Find all School-related info fast with the new School-Specific MBA Forum

 It is currently 19 May 2013, 04:08

# Probability-Bowman

Author Message
TAGS:
Manager
Joined: 01 Jan 2005
Posts: 169
Location: NJ
Followers: 1

Kudos [?]: 0 [0], given: 0

Probability-Bowman [#permalink]  10 Mar 2005, 06:53
Here is a simple question

A bowman hits his target in 1/5 of his shots. What is the probability of him missing the target atleast once in 4 shots.

I know how to solve this...

I saw this Binomial Distribution explained by Hong in the following thread
http://www.gmatclub.com/phpbb/viewtopic.php?t=14706

Can anybody explain me how can I solve the above question using the concept explained in the thread...

Hong, Plz help..

Thanks,
Vijo.
 Kaplan Promo Code Knewton GMAT Discount Codes GMAT Pill GMAT Discount Codes
SVP
Joined: 30 Sep 2004
Posts: 1548
Location: Germany
Followers: 4

Kudos [?]: 15 [0], given: 0

Probability that one target is missed + probability that two targets are missed + ... + Probability that four targets are missed

4c1*4/5*(1/5)^3+4c2*(4/5)^2*(1/5)^2+4c3*(4/5)^3*1/5+4c4*(4/5)^4

or

1- Probability that no targets are missed (recommended)

1 - 4c4*(1/5)^4
Intern
Joined: 19 Jul 2004
Posts: 43
Followers: 1

Kudos [?]: 3 [0], given: 0

P(Hitting) = 1/5
P(Missing) = 4/5

P(Atleast once in four shots) = 1 - P(None in four shots)

With four shots there are 16 ways out of which there is only one way in which No shots are hit. This is same as finding C(4,0) = 1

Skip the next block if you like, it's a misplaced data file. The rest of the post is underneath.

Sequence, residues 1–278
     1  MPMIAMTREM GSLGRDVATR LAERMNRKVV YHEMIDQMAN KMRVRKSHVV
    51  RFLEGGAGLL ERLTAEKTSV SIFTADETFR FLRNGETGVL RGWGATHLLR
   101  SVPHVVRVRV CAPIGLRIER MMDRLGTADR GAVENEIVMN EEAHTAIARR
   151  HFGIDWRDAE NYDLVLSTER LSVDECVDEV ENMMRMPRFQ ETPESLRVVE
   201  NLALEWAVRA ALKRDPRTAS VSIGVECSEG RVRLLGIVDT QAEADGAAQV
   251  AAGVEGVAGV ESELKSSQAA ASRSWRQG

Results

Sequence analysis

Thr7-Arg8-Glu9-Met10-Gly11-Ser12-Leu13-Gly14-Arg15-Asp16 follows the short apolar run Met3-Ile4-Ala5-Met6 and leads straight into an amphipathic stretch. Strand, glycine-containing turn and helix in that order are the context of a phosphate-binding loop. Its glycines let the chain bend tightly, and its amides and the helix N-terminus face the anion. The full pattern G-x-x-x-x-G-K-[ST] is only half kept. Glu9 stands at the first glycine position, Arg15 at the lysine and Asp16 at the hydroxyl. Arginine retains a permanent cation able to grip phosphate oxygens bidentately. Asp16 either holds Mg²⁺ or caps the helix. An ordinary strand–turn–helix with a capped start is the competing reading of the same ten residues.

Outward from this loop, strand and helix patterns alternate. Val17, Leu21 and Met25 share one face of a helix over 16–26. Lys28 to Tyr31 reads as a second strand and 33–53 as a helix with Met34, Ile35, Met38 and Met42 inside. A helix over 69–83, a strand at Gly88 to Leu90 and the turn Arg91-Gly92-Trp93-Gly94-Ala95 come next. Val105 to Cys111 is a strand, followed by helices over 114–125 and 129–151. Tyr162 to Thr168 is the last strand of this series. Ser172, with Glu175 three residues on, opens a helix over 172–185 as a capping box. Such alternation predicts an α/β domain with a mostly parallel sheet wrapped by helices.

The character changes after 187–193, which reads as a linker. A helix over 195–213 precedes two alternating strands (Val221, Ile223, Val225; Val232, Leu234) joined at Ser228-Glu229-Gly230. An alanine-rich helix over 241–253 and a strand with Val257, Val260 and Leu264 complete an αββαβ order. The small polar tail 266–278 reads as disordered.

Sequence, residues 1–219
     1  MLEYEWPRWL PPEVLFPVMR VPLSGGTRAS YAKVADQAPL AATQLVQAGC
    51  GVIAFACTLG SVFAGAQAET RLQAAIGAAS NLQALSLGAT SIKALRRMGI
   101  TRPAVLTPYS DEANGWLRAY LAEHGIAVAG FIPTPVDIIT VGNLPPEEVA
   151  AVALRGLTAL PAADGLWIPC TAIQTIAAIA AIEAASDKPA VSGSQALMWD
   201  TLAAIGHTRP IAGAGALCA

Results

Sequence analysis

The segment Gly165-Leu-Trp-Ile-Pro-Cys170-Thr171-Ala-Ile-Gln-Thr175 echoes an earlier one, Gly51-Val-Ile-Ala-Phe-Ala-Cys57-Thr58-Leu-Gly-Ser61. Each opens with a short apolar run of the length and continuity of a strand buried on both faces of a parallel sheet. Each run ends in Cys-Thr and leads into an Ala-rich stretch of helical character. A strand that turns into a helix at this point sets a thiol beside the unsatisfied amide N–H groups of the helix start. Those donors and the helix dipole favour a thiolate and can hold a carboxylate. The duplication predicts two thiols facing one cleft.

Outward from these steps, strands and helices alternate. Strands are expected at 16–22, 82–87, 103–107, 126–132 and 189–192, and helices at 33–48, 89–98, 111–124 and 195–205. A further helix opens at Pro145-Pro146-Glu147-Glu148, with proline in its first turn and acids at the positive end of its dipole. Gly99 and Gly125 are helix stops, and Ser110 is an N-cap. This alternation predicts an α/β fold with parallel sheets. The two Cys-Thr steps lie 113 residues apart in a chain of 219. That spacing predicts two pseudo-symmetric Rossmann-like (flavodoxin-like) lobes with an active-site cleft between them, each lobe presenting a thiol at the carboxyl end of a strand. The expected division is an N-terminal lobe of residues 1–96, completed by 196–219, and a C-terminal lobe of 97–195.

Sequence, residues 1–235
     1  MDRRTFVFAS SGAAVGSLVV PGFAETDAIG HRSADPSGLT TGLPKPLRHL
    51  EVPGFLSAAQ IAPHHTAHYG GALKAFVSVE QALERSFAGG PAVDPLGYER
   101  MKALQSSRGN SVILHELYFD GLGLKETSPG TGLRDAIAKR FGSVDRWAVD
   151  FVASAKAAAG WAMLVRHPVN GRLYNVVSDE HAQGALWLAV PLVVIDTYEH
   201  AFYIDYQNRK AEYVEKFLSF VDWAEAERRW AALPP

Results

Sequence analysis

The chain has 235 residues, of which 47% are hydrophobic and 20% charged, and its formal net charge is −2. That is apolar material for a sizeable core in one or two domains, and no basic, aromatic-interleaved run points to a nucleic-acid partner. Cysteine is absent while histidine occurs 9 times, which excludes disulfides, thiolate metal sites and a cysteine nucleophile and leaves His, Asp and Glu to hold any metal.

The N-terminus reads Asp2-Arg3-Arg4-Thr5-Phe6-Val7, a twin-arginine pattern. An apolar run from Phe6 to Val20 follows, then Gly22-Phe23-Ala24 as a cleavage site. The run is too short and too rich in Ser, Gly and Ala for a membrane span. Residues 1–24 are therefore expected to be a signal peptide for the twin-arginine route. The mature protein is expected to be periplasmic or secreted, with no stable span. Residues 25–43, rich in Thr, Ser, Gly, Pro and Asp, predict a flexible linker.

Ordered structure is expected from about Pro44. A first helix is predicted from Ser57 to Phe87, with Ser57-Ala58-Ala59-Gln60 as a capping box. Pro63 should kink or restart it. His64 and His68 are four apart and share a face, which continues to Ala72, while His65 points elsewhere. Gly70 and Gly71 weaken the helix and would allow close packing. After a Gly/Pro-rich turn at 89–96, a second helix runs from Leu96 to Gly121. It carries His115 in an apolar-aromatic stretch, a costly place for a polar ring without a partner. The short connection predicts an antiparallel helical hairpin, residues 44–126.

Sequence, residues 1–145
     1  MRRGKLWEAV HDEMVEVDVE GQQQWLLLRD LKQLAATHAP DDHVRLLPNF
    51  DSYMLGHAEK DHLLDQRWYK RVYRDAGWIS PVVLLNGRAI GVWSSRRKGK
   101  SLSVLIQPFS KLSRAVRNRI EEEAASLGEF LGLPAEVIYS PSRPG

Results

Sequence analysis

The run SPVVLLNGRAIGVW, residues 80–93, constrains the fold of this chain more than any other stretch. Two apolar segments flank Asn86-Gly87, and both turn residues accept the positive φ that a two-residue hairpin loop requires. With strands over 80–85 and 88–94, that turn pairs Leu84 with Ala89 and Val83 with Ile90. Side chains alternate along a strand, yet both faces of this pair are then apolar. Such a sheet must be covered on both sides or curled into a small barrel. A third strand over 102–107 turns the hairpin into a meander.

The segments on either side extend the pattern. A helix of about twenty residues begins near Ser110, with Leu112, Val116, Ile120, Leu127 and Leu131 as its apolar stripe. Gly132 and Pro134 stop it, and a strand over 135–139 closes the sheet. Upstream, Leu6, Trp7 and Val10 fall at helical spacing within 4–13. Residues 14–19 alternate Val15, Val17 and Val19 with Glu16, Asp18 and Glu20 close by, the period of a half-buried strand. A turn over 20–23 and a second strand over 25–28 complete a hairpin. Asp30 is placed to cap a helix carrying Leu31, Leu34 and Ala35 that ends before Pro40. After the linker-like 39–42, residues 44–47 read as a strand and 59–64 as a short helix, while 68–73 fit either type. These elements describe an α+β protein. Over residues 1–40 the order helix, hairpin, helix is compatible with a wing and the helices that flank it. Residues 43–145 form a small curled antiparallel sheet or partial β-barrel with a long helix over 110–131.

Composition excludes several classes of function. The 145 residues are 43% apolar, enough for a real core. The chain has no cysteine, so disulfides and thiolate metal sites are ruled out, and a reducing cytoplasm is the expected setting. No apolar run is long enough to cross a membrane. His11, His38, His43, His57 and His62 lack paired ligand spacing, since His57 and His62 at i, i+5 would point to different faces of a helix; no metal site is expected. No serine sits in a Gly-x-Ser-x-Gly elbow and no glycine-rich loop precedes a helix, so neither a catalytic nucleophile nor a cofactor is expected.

P(None in four shots) = (Number of ways this happens)(probability this happens)

= C(4,0) * (1/5)^0 * (4/5)^4
= (4/5)^4

Hence

P(Atleast once in four shots) = 1 - (4/5)^4

Ketan
SVP
Joined: 03 Jan 2005
Posts: 2322
Followers: 9

Kudos [?]: 157 [0], given: 0

Great job both of you!
One correction, the question says at least one miss (not at least one hit), so it is equal to 1-no miss, or 1-all hit.
SVP
Joined: 03 Jan 2005
Posts: 2322
Followers: 9

Kudos [?]: 157 [0], given: 0

Is 4/5 the chance of miss or the chance of hit, rupstar?
Senior Manager
Joined: 15 Feb 2005
Posts: 258
Location: Rockville
Followers: 1

Kudos [?]: 5 [0], given: 0

of what i understood 1/5 is making the target and 4/5 is missing the target

hence
him missing the target atleast once is[ 1- him never missing the target]
SVP
Joined: 03 Jan 2005
Posts: 2322
Followers: 9

Kudos [?]: 157 [0], given: 0

That's right. :b:

(I saw you corrected ketanm's C(4,0), thought you didn't correct the other part, which you did.)
Manager
Joined: 01 Jan 2005
Posts: 169
Location: NJ
Followers: 1

Kudos [?]: 0 [0], given: 0

Rupstar wrote:
yea 1-4c4(1/5^4)

Hi Hong

I am just trying to understand the application of the concept in that thread.

Rupstar's expression is equivalent to
1- ( C(4,4) * (1/5)^4 * (4/5)^0) )

Am I right Hong???
SVP
Joined: 03 Jan 2005
Posts: 2322
Followers: 9

Kudos [?]: 157 [0], given: 0

Yes, exactly.
Display posts from previous: Sort by